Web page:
thu 25/07/2024

DVD: Cycling with Moliere | reviews, news & interviews

DVD: Cycling with Moliere

DVD: Cycling with Moliere

High theatricality and countyside capers in winning French comedy treat

Two men on their bikes: Serge (Fabrice Luchini) and Gauthier (Lambert Wilson)

The sheer joy of making theatre provides the central attraction of Cycling with Moliere (Alceste à bicyclette), but Philippe Le Guay’s film is also rich in the comedy of fractious interaction between old friends whose worlds have moved apart.

It’s the story of two actors: Gauthier (Lambert Wilson) has become famous for his television roles (the different circumstances in which he’s recognised become memorable vignettes in the film); Serge (Fabrice Luchini) has left the profession after a breakdown, retreating to a run-down house on the windblown Ile de Ré and a life of virtual solitude.

Gauthier arrives to convince his friend to return to the stage for a production of Moliere’s The Misanthrope, in which they will share the roles of Alceste, the title character who’s a critic of the world around him, and the conformist Philinte. They slip in and out of dialogue spontaneously as they rehearse, even though Serge is reluctant to commit, with a wonderful sense of how theatre itself takes shape, and intonations and nuance come right. In between, they cycle the quiet lanes of the island (its landscape fully enjoyed by Jean-Claude Larrieu’s camera), and make tentative contacts with some of the locals.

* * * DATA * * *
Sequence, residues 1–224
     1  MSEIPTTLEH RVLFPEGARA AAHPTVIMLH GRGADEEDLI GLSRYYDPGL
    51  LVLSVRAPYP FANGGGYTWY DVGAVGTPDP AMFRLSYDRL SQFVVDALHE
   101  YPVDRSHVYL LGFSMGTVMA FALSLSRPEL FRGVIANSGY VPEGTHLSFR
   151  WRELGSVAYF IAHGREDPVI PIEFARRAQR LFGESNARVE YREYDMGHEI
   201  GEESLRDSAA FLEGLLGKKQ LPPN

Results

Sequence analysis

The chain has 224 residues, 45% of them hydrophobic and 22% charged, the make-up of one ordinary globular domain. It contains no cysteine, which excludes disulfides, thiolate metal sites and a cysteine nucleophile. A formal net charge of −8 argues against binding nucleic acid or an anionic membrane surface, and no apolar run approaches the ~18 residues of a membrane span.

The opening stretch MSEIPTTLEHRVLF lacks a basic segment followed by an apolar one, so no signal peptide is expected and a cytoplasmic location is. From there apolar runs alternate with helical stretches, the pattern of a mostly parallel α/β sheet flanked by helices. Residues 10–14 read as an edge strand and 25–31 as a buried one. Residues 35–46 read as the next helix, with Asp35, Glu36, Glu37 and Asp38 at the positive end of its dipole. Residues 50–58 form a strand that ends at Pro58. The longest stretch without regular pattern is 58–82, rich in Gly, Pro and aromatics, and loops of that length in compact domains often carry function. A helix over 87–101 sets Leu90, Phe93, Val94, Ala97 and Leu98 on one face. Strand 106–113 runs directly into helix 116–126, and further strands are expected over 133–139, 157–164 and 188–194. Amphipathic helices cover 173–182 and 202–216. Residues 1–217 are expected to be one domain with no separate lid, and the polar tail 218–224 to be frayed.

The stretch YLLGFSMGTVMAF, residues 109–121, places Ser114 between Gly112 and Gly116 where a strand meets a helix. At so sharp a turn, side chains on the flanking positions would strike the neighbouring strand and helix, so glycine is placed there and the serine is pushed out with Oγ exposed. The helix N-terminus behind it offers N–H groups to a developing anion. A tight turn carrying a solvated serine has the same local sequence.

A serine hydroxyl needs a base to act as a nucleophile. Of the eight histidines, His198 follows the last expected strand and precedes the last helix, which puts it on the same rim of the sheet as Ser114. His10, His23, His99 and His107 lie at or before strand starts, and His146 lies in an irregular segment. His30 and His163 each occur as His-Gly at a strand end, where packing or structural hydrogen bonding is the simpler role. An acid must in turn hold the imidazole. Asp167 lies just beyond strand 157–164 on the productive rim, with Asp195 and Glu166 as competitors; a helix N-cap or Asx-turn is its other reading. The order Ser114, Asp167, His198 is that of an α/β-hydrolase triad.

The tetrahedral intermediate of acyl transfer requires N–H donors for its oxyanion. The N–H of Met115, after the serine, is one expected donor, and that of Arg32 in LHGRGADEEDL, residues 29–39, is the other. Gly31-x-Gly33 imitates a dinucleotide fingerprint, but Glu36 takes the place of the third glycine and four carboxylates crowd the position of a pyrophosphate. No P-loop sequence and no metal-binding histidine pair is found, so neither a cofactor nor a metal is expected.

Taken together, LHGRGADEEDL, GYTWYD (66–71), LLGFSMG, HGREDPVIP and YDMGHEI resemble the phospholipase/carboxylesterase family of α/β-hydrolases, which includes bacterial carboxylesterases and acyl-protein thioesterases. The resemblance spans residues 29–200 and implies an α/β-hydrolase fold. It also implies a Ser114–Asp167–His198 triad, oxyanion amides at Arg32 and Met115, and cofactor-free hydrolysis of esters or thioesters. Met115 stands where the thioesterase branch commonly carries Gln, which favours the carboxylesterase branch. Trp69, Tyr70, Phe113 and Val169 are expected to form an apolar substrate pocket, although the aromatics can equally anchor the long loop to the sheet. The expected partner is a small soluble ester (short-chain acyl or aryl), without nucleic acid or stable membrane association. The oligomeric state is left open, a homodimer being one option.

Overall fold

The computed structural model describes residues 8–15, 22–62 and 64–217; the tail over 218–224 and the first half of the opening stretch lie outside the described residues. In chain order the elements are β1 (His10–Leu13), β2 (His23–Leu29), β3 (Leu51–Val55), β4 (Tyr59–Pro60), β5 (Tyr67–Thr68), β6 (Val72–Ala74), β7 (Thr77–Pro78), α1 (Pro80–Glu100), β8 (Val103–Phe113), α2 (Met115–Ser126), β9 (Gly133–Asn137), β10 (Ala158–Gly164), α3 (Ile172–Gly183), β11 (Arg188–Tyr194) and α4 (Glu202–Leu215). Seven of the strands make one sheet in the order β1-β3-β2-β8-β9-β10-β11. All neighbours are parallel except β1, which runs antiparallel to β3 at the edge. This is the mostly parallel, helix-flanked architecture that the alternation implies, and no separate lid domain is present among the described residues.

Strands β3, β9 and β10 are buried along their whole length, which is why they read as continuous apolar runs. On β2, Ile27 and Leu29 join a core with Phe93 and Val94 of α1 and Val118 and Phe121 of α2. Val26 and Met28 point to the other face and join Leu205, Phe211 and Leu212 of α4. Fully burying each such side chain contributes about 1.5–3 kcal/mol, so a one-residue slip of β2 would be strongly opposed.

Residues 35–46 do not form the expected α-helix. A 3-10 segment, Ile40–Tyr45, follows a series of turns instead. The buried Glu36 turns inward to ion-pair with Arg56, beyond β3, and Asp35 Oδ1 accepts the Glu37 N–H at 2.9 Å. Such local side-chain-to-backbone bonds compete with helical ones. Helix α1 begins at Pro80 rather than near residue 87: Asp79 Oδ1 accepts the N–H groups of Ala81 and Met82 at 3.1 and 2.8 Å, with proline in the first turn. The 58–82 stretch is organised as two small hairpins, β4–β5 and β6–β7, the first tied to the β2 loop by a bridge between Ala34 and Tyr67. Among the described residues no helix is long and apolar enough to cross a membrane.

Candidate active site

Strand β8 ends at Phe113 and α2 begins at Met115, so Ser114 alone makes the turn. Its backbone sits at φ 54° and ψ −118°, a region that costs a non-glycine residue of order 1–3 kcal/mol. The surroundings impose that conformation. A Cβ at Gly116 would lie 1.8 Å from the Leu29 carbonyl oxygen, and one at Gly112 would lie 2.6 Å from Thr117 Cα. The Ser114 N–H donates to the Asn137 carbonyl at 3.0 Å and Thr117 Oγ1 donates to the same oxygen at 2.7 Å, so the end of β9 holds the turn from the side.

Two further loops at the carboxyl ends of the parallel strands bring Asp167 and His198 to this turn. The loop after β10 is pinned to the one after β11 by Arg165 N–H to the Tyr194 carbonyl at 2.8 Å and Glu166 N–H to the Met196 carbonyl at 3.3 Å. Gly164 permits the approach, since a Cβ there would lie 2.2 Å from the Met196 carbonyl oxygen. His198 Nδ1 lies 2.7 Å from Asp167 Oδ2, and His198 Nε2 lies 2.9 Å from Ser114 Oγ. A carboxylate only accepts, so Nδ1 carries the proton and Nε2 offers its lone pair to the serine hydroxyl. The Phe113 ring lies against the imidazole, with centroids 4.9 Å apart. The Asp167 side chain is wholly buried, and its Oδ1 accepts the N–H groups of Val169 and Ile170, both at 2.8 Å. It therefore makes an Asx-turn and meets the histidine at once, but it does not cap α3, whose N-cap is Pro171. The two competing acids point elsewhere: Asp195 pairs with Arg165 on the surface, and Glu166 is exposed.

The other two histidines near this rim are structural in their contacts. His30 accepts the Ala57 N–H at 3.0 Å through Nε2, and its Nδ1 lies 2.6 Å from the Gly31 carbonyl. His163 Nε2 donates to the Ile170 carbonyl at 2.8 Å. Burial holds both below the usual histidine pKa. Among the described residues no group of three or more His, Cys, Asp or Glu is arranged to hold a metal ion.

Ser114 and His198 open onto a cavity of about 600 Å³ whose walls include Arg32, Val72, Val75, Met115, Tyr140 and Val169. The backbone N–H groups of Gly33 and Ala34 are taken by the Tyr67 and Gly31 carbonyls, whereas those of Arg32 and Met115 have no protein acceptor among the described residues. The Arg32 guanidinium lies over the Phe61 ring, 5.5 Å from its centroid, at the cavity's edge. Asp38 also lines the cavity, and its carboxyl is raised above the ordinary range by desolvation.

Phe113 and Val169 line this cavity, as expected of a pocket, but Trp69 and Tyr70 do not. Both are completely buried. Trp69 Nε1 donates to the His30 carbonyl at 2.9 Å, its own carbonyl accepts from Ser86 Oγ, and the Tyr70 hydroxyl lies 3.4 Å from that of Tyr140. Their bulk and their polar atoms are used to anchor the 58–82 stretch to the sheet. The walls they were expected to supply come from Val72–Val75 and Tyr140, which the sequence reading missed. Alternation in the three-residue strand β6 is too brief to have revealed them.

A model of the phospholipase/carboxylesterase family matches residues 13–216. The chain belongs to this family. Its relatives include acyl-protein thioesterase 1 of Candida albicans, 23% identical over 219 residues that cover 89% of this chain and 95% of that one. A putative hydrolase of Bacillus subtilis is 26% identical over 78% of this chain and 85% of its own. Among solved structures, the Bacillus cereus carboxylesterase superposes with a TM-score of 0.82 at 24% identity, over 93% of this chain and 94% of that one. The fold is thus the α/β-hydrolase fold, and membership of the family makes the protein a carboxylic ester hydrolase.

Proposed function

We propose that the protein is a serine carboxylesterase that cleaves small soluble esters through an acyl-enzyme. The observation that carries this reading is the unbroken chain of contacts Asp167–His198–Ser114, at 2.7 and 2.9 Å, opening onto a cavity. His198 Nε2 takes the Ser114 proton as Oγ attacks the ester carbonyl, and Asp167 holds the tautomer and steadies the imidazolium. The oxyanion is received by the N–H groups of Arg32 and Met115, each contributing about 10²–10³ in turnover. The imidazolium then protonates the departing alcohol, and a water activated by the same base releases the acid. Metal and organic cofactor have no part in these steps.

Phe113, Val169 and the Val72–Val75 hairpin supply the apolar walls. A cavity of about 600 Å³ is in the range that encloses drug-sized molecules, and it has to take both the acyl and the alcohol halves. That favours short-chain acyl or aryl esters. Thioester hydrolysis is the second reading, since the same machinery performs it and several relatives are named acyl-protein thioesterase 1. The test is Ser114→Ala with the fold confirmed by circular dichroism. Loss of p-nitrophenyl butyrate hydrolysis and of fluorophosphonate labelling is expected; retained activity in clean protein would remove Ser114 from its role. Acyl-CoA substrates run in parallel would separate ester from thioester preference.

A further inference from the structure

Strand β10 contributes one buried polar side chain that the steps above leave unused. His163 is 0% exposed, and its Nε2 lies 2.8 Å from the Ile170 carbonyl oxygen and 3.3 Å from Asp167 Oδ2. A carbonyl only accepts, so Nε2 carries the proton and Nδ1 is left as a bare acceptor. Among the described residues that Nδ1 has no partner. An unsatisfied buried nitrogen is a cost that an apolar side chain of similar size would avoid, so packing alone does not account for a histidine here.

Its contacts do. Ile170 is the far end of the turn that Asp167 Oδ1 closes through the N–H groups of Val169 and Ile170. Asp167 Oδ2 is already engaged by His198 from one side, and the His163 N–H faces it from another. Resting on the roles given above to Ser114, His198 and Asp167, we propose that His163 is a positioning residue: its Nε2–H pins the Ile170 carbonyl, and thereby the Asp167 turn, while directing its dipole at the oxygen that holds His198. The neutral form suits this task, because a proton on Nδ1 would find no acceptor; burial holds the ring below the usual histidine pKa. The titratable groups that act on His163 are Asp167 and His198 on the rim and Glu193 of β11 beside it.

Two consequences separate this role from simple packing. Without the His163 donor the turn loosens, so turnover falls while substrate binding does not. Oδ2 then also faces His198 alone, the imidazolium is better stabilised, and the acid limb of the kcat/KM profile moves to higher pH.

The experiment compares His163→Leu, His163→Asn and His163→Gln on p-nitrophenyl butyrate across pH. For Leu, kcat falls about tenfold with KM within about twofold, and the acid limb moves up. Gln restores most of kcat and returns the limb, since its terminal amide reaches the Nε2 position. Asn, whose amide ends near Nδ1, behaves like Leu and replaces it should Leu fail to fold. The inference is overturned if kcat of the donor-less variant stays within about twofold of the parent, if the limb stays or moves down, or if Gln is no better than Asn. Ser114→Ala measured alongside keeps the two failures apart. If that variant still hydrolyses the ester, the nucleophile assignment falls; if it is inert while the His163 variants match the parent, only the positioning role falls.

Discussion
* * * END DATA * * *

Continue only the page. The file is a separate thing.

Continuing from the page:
The story of how the director came up with the script is an anecdote in itself

Prime among those is Francesca (Maya Sansa, pictured below right with Luchini), a tempestuous Italian in the process of an acrimonious divorce who will, inadvertently, drive the final wedge between the two leading players (with echoes of Truffaut's Jules et Jim). Wilson as Gauthier is slick and pragmatic, the opposite of the tatty but soulful Serge, and the film enjoys its series of such contrasts: between the ancient and modern, comedy and malady, friendship and anger. Le Guay adds in the occasional slapstick moment and a few plot diversions, but even when all seems to be going well, we sense undercurrents that will push the story towards its tragi-comic conclusion, memorably caught in Luchini’s closing appearance in a surrounding society that is as alien to him in life as it is to Alceste in role.

The only extra here is the film’s trailer - a shame because the story of how Le Guay came up with the script for Cycling… is an anecdote in itself (brief director interview here). He was visiting Luchini on the Ile de Ré to discuss his previous film The Woman on the 6th Floor, and in the course of one of their walks the actor started impromptu diversions into scenes from The Misanthrope. The result of that shared conversation has proved a rather more benelovent take on the Alceste story than usual.   

Overleaf: watch the trailer for Cycling with Moliere 

Gauthier is slick and pragmatic, the opposite of the tatty, improvisational Serge, and the film enjoys its series of contrasts


Editor Rating: 
Average: 4 (1 vote)

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